Ele.me, one of China’s leading online food delivery platforms, has been given the green light by authorities to operate in the country’s initial delivery routes for drones.
The 17 newly approved routes over an industrial zone in Shanghai will enable consumers there to receive online takeaway meal orders via drones within 20 minutes after confirming the delivery on their smartphones, according to Ele.me during an event in Shanghai on Tuesday.
Deliveries in the Shanghai Jinshan Industrial Park, which covers an area of about 58 square metres (624.3 square feet), are expected to benefit more than 100 food merchants doing business there, the company said.
Under the rules drawn up for this programme in Shanghai, drones will transport meals to and from two fixed locations within each route.
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Delivery personnel at each starting point are responsible for gathering all takeaway orders and placing those inside the cargo hold of each drone. Personnel at the delivery points will distribute the meals carried by each drone directly to the specified addresses of customers.
There are no extra charges to consumers who use the new drone deliveries.
Ele.me said meal deliveries using drones will substantially lower its operating costs, compared with normal delivery on the road, as each delivery staff will only need to run 15 per cent of the routes. It estimated that the use of drones will help boost the income of delivery personnel as much as five times.
The opening of drone routes in Shanghai looks poised to heat up the competition between Ele.me, which is controlled by Alibaba Group Holding, and Meituan Waimai, the food delivery arm of Tencent Holdings-backed Meituan Dianping.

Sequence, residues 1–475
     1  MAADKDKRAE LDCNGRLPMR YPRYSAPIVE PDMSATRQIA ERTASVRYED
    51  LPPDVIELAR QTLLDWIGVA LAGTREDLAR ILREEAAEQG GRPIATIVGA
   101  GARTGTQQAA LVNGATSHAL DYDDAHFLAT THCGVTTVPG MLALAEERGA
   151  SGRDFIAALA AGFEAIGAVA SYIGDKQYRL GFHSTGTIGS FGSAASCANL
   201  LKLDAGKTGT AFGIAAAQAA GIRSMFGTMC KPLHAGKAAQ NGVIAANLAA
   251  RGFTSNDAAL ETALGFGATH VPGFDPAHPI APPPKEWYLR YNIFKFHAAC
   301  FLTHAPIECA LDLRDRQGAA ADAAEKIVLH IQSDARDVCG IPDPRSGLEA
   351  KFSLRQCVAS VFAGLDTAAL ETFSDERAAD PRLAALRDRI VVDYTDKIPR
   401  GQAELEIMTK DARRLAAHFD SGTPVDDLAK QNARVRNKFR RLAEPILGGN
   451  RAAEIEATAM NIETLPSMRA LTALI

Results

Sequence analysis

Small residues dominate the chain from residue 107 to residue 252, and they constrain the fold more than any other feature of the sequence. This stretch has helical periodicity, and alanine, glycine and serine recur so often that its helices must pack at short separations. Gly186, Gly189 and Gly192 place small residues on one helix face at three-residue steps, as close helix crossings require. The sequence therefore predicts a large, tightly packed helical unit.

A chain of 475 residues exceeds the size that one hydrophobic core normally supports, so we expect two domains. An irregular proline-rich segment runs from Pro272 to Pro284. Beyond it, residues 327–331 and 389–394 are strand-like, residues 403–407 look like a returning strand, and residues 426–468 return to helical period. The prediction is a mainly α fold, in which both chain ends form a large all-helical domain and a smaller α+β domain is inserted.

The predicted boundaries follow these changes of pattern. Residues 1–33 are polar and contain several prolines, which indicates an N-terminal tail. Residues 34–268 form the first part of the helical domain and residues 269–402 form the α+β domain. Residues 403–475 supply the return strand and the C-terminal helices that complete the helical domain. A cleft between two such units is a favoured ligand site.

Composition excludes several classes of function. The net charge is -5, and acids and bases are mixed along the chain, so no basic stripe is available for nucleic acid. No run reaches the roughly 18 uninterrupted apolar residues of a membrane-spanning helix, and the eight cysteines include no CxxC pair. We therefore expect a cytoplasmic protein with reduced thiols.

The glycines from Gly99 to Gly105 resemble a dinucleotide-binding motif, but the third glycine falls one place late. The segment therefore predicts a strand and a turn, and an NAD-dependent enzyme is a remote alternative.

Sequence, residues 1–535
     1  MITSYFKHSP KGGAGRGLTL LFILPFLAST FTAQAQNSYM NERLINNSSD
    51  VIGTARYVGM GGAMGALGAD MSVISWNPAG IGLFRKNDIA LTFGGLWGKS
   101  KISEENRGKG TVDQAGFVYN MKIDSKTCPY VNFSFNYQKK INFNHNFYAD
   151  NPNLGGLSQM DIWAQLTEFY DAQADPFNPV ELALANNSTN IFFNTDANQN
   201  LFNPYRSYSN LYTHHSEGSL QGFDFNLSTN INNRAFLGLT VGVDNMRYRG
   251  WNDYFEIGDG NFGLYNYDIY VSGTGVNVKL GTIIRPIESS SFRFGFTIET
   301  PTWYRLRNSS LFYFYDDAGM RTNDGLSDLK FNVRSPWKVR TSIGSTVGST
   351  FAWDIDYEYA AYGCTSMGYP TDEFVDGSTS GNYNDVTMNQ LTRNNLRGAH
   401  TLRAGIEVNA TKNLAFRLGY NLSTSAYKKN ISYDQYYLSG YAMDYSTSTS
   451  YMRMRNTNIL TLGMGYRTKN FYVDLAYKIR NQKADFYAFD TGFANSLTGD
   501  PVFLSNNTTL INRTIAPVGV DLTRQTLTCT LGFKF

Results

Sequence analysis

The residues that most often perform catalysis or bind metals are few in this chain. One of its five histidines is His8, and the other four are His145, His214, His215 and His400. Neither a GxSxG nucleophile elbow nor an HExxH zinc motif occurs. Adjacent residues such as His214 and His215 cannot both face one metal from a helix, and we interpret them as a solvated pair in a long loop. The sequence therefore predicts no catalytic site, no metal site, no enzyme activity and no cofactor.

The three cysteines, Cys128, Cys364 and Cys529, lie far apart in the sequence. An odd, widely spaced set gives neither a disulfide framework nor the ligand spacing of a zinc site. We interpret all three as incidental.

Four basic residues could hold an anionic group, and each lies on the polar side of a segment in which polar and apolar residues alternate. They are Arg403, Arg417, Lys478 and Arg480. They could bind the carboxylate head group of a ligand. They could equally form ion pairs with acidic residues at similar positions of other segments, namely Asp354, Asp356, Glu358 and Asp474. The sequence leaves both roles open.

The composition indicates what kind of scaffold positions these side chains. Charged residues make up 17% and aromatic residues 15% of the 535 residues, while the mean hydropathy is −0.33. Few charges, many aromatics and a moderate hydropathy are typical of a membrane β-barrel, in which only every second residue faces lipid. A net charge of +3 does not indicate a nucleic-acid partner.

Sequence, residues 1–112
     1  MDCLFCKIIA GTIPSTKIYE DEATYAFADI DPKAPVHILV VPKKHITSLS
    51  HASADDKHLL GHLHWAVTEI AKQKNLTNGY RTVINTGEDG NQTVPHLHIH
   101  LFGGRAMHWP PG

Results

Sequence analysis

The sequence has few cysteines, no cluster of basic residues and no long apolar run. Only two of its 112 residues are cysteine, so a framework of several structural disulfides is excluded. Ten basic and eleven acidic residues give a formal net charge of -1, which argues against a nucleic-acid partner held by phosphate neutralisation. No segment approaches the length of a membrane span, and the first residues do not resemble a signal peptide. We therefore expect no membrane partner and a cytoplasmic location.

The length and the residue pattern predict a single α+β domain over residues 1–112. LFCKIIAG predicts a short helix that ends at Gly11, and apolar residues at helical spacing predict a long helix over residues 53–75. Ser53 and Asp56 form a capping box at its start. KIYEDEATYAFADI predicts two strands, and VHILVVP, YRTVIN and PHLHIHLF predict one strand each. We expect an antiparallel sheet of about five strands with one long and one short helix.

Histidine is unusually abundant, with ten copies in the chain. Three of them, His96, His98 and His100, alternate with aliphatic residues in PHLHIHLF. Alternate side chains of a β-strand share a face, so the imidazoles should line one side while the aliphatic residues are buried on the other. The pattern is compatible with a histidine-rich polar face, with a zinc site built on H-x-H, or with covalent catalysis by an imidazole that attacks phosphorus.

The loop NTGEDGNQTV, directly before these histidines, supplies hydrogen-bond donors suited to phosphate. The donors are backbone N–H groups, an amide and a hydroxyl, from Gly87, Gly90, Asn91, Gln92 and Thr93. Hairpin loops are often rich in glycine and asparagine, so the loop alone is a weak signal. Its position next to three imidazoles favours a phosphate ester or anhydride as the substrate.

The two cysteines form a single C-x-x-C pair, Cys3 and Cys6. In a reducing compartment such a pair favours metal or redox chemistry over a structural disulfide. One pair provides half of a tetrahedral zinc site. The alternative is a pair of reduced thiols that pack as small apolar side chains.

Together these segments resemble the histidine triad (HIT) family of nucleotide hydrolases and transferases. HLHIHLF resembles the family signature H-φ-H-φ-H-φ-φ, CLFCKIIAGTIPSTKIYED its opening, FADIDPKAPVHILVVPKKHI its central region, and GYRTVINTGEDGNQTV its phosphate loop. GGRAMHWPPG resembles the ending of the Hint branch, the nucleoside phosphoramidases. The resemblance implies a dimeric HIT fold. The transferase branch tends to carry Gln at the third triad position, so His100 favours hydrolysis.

While Ele.me and Meituan Waimai have come to dominate the country’s only food delivery business, Chinese ride-hailing giant Didi Chuxing announced its entry into the market in early March by advertising for riders in several cities on the mainland.
With a range of consumer services that help make users’ lives convenient, Alibaba, Tencent and Didi collect plenty of customer data. Their food-delivery platforms would provide additional insights into consumer spending power, eating preferences and payment profiles.
Ele.me may have the inside track on drone deliveries because it already introduced a fleet of drones in September last year for trials in Shanghai.
The company’s E7 drone model used in those trials can carry up to six kilos of food and fly as far as 20 kilometres at a maximum speed of 65km per hour.
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A month later, in October, Ele.me unveiled a food-delivery robot designed to resolve the “last mile” problem when transporting orders in office buildings.
“The company aims to introduce its second-generation food delivery robots, which will cover more than 500 office buildings in major Chinese cities later this year,” said Ele.me chief operating officer Kang Jia in a statement on Tuesday.
Meituan Waimai, however, has also been working on robotic delivery for the past two years, according to Meituan Dianping chief executive Wang Xing during the China Development Forum in March.
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Wang said the on-demand service provider has applied for more than 60 patents on drone and driverless car delivery, and plans to achieve mass application of unmanned delivery next year.
Meituan Dianping did not immediately respond to a request for comments on its unmanned delivery plans.
Alibaba, the parent company of the South China Morning Post, announced in April that it plans to acquire the shares of Ele.me that it still did not own. That means buying the outstanding shares held by other investors, including online search giant Baidu. — South China Morning Post